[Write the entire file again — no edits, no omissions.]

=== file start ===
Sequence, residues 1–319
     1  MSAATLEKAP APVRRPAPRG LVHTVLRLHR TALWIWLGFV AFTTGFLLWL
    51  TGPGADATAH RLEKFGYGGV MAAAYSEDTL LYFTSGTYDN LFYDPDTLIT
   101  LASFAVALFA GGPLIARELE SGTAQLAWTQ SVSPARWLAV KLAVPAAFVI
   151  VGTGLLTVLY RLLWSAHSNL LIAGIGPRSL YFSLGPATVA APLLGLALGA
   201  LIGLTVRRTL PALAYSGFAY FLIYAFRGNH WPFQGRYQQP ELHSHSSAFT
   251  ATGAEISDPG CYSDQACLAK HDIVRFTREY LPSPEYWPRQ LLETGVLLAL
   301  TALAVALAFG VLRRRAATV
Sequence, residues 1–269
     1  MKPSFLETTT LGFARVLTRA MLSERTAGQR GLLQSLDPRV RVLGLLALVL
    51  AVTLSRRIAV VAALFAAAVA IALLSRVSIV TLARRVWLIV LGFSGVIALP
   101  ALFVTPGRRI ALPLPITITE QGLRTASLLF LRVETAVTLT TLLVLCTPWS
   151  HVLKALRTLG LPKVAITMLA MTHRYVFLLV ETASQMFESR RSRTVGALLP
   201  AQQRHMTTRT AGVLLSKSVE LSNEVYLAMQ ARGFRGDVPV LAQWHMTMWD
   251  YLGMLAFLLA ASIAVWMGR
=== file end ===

Sequence, residues 1–319
     1  MSAATLEKAP APVRRPAPRG LVHTVLRLHR TALWIWLGFV AFTTGFLLWL
    51  TGPGADATAH RLEKFGYGGV MAAAYSEDTL LYFTSGTYDN LFYDPDTLIT
   101  LASFAVALFA GGPLIARELE SGTAQLAWTQ SVSPARWLAV KLAVPAAFVI
   151  VGTGLLTVLY RLLWSAHSNL LIAGIGPRSL YFSLGPATVA APLLGLALGA
   201  LIGLTVRRTL PALAYSGFAY FLIYAFRGNH WPFQGRYQQP ELHSHSSAFT
   251  ATGAEISDPG CYSDQACLAK HDIVRFTREY LPSPEYWPRQ LLETGVLLAL
   301  TALAVALAFG VLRRRAATV
Sequence, residues 1–269
     1  MKPSFLETTT LGFARVLTRA MLSERTAGQR GLLQSLDPRV RVLGLLALVL
    51  AVTLSRRIAV VAALFAAAVA IALLSRVSIV TLARRVWLIV LGFSGVIALP
   101  ALFVTPGRRI ALPLPITITE QGLRTASLLF LRVETAVTLT TLLVLCTPWS
   151  HVLKALRTLG LPKVAITMLA MTHRYVFLLV ETASQMFESR RSRTVGALLP
   201  AQQRHMTTRT AGVLLSKSVE LSNEVYLAMQ ARGFRGDVPV LAQWHMTMWD
   251  YLGMLAFLLA ASIAVWMGR